Ballet: a dance of madness
Nietzsche once said that "those who were seen dancing were considered mad by those who could not hear the music". Paula Brand Ludovic, dancer and 1st year student of the double Degree in Philosophy and Journalism, presents a reflection on ballet and its conception throughout history.
Little is said about how well Nietzsche appreciated the eminence of dancing. These words may lead us to the idea that dancing is not for everyone, at least in the sense of an objective and universal internship ; hence his approach goes hand in hand with his own Philosophy of understanding the world through perspectives and interpretations. Those who are able to dance are "crazy", those who understand the true nature of an art that cannot and should not be limited to a mere movement to the beat of musical notes. On the contrary, to reduce it in such a way would dismiss a gallery of art that emerges from it. Even the dancing Nietzsche forgot to clarify that it takes much more than music to understand this madness.
It is precisely how and from where we look at dance that opens the way to join those crazy dancers. To become part of that museum is to be able to play with one's feet, to tell stories with one's own body, to move with or without a ballet tutu.
The staging of a ballet could be considered the great banquet of the arts. A dramatic plot as a starter, bodies in glittering costumes as the main course and an orchestra for dessert. It is a given for the viewer who, upon first seeing Swan Lake, is engrossed by the ballerina's strong feet supporting 32 fouettes, by the synchronicity and white skin of the swans, or by Tchaikovsky's masterful music. Still, the connection one can get with a ballet surpasses the limits of any tangible art. Sometimes, even without listening to the music, dance offers us more than aesthetic pleasure: it makes us uncomfortable, it hurts us, it makes us feel.
More than any other art form, ballet defies language. A three-minute scene can say more than a five-hundred-page novel. The grip one has with gesture, posture, movement and pantomime turns a performance into an unwritten and unique piece of literature. It is perfectly exemplified by the devastating scene of Giselle's madness upon learning of Albretch's amorous deception. Although it is a sequence organized and governed by the music, each dancer offers something undeniably her own. Both Natalia Ossipova's and Marianela Núñez's performances are dazzling, but their mannerisms, expressions and details create a unique experience with their bodies and make us feel Giselle's insanity in different ways. A nice parallel to the madness Nietzsche referred to.
Hence the main source of an art like ballet: the human body. Since its inception, the use of pointe shoes has been a pivot of questions for dancers. "How do you do it?", "Doesn't it hurt?", "Are your feet as bad as they show it in the movies?". Because, indeed, it is a fact that surpasses reason by turning that effort into beauty. But that appropriation of the body and the feet that ballet makes is accompanied by something that can be just as surprising, and that is the capacity that in the same body we find form and content: the variety of technical skills and the symbolic expression of feelings. This is how we understand not only the art of the body in movement dressed in shiny tutus and full of grace, but also the soul of the character embodied in that body.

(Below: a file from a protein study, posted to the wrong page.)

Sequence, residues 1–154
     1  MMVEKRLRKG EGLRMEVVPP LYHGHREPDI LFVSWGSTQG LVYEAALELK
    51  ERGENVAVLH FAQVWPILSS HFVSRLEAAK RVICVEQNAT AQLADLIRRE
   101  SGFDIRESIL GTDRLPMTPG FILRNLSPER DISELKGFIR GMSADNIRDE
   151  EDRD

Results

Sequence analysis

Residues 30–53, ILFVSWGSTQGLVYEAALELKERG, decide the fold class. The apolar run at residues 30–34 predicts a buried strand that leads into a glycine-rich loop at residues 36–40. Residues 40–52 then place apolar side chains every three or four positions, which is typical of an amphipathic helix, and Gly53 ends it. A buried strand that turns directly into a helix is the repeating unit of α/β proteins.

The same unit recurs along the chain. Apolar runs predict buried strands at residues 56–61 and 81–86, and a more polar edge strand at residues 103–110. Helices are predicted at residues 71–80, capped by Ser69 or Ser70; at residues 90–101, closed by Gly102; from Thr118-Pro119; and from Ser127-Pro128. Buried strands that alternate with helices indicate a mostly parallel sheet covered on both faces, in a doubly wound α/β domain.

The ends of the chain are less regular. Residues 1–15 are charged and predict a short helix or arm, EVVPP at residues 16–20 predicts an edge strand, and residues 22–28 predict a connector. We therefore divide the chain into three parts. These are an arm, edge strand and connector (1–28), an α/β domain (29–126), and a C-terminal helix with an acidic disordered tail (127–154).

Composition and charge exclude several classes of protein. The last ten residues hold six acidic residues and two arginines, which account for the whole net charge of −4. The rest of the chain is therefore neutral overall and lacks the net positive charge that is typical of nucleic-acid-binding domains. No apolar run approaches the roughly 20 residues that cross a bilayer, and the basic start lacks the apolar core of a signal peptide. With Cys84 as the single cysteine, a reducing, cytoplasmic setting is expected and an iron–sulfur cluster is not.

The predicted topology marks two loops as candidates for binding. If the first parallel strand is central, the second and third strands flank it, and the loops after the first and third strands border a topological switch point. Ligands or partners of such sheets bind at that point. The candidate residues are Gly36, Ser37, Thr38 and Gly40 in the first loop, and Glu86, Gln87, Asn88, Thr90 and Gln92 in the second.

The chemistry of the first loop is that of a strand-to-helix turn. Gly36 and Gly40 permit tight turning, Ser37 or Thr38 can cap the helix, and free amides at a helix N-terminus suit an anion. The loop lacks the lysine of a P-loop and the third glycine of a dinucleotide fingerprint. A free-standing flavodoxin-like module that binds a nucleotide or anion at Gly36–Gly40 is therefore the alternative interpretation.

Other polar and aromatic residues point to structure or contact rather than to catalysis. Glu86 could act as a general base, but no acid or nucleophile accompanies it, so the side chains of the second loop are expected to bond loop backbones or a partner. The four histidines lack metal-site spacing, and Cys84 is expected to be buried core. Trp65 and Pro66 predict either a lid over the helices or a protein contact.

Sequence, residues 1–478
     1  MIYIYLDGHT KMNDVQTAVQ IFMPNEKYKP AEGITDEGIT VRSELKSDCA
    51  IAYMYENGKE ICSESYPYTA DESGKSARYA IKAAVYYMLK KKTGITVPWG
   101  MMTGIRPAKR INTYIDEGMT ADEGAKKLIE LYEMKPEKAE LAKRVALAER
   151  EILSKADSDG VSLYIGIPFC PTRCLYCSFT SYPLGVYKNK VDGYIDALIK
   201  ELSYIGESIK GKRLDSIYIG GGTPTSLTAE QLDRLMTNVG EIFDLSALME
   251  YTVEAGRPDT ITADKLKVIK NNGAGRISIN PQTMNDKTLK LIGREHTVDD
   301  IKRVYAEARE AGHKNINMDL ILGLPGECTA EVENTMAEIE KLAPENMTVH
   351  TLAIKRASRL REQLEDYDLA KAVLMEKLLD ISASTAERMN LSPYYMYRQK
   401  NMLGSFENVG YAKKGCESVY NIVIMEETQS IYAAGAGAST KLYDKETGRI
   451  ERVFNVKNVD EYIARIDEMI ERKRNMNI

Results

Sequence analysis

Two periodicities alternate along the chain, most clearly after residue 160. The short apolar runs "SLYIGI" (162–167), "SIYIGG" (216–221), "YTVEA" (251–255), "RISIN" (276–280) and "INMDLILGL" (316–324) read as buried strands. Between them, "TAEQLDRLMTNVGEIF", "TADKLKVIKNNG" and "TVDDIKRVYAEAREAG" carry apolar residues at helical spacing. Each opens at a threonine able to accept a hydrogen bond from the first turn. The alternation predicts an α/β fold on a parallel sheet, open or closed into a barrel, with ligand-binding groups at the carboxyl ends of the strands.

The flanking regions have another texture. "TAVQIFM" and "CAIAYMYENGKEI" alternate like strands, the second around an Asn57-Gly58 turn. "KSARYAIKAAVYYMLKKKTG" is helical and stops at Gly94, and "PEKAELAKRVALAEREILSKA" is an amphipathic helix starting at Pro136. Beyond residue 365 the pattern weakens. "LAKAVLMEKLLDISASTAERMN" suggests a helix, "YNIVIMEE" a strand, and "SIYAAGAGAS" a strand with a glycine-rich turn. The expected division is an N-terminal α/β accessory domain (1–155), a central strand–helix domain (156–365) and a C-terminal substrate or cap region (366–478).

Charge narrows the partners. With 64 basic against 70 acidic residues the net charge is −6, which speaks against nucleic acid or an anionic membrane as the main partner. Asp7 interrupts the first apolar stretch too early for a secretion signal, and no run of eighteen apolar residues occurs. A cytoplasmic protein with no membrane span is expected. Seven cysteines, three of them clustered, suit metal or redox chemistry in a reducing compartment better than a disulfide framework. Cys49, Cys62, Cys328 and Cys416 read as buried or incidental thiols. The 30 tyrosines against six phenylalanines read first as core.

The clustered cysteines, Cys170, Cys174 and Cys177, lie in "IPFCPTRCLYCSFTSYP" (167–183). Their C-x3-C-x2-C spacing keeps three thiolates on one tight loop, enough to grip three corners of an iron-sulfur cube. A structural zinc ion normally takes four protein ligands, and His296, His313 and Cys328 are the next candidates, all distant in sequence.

That is why Hegel joined Nietzsche in his study of dance when he stated that ballet must be a correspondence between spirit and appearance. The pantomime and the transmission of feelings is what can "vivify the cold and peaceful sculptural work in dance". That is the challenge of language: to communicate in a universal way, through gestures, a whole narrative that moves.
The stories that are told throughout the two or three acts that make up a ballet give way to hundreds of questions and sensations. In them we can find the most tragic endings and also the most joyful. In the ballets, paradoxes of life, destiny, dreams, love and sadness are poetically narrated. The special thing is that, as an audience, we are able to be touched by these stories and even appropriate them. Whether it is to see a classic like Romeo and Juliet or to follow the Christmas tradition with The Nutcracker, they always evoke that intrigue and restlessness; we enjoy a union of the arts and love the madness of the dancers.
But music and ballet could never be separated. We hear Tchaikovsky's music perfectly when we imagine the white swan. For the dancers, their steps must respond to the precision of the musical phrases, because from there derives the whole of their movements, as well as the character of what they want to convey to the public. As spectators, the melodies we hear go hand in hand with what we see; they help us to understand the drama, the Fail, the calm and the evolution of the story. They contain such an important charge that can make us want to join the ballet.
Perhaps what Nietzsche wanted to tell us with his phrase is that to remain spectators is not to understand the dance. The entrance to the art gallery that represents a ballet work is not mere exhibition, but an invitation to be part of it. It is to perceive these artistic manifestations of dance, poetry in movement, music, body, literature, costumes and gestures to find what is ours. A ballet touches us if we understand that more than something to see and hear, it is something to feel and dance. It infects us with fervor. We leave dancing, always wanting to do it. We leave being crazy too.
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